I: Jesus is condemned to death

Jesus is brought into the Praetorium. Justice is put on trial; Truth is called a liar; Love is declared hateful. All of this we do to avoid being called out of the shadow of sin. Yet somehow, in the midst of our very refusal to receive Him, He discovers a pathway into our hearts, and He determines to follow that path, knowing that it will cost Him everything.

There is a deeply rooted tendency in human beings to look at others and their failings. In doing this, we miss what is most essential: to accept and assent to God’s will in our lives, a will that is largely formed by the opposition of others to God’s will. We need only look at Jesus. It was not the Father’s will that his Son be killed, nor did he inspire anyone to kill him. He did will, however, that Jesus would freely be the sacrifice for the sins of mankind. He willed that Jesus would let himself be put to death. Jesus did not say, as we often hear today: “But this is not God’s will, this cannot be God’s will.” He said: “Abba, Father, all things are possible to you; remove this chalice from me; yet not what I will, but what you will” (Mk 14:36). For every one of us there is a chalice that the Father offers us to drink. We have difficulty recognizing it as coming from him, since a great deal of its contents comes from other people. Nevertheless, it is the Father who asks us to drink the bitter cup. It was so for Jesus, and it is the same for us.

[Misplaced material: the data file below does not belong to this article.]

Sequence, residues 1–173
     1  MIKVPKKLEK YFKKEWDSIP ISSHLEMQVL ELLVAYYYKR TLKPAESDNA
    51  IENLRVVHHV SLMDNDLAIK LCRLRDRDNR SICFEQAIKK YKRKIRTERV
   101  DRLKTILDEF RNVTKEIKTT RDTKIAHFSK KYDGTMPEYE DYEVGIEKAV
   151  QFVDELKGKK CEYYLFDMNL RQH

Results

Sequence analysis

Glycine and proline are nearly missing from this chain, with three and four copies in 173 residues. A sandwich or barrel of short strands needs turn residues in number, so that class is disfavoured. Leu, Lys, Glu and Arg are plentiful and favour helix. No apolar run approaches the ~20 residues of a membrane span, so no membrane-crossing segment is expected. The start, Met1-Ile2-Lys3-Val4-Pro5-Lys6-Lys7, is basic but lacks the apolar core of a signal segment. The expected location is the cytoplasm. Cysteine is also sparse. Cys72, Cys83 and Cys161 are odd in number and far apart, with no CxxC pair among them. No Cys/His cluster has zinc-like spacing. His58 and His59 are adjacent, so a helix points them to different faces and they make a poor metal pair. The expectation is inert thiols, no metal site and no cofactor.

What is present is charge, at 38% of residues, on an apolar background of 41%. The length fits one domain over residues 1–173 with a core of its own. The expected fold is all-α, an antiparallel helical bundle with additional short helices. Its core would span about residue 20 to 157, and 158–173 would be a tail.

Father Wilfrid Stinissen, Into Your Hands, Father: Abandoning Ourselves to the God Who Loves Us

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